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Well, I’m just going to be honest. I’ve struggled with comparison all my life. I hope I’m not alone in this—I think it’s quite a universal problem. In my case, I’ve known it since I was a child. It started with sibling comparison—I was the oldest of three girls. It was the constant striving to be the smartest of the girls, or the prettiest, or the most petty of things—the TALLEST. As if I had any say and ability to affect how tall I was! It then progressed into highschool and university—and I wasn’t popular there (thankfully). It was comparing myself to the class, comparing myself to models on magazines, or the popular girls in school. It was the persistent pursuit of success—success in school, success in work, success in relationships.
And it all hinged on comparison—so long as I was better than those around me, I felt happy and content. But if I felt that I wasn’t matching up, if I was inferior to those around me, then it was a nagging feeling of disappointment. I was a Christian—most certainly, but that didn’t mean I was always willing and happy to turn this all over to Christ and sink myself in to deep scriptural truths about my identity. It often led to poor decisions, and I was aware of this—but I wanted to rebalance the scales, so I could compare myself to those around me and say with certainty, “Yes! I’m doing okay because I’m doing better than these people in these areas.”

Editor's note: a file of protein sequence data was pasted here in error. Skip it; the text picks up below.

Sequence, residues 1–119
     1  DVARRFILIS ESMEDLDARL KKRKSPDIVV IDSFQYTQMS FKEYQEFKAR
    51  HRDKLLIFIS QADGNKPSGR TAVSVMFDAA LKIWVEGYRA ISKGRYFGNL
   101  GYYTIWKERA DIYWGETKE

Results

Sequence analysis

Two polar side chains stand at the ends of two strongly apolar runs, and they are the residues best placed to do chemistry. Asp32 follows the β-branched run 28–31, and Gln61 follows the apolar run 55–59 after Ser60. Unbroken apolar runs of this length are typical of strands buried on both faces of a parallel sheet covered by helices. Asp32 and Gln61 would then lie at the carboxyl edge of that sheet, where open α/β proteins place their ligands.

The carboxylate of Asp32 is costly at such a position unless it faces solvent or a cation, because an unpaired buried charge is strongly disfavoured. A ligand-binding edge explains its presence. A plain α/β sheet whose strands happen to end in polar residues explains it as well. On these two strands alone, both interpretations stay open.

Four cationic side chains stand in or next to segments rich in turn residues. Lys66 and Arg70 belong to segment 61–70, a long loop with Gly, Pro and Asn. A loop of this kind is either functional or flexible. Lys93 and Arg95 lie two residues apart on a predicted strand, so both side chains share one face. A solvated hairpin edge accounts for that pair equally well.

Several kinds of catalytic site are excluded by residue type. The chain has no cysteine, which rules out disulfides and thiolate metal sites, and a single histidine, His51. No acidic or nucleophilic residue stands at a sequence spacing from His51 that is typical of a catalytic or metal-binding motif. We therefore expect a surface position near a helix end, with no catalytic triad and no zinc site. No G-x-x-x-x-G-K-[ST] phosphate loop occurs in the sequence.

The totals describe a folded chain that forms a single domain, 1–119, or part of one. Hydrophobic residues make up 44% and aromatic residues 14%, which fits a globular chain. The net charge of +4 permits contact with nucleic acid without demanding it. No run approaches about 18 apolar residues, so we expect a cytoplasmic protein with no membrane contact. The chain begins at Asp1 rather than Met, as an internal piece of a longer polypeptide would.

Perhaps I’ve struck a chord with some of you as I’ve shared my own struggles with comparison and pride.
|Then ... (2015, look how chubby, cute and bald Ethan is!)|
|... and now! (2018, at Tchincombe farm, my how we've grown and developed|
bags under our eyes!)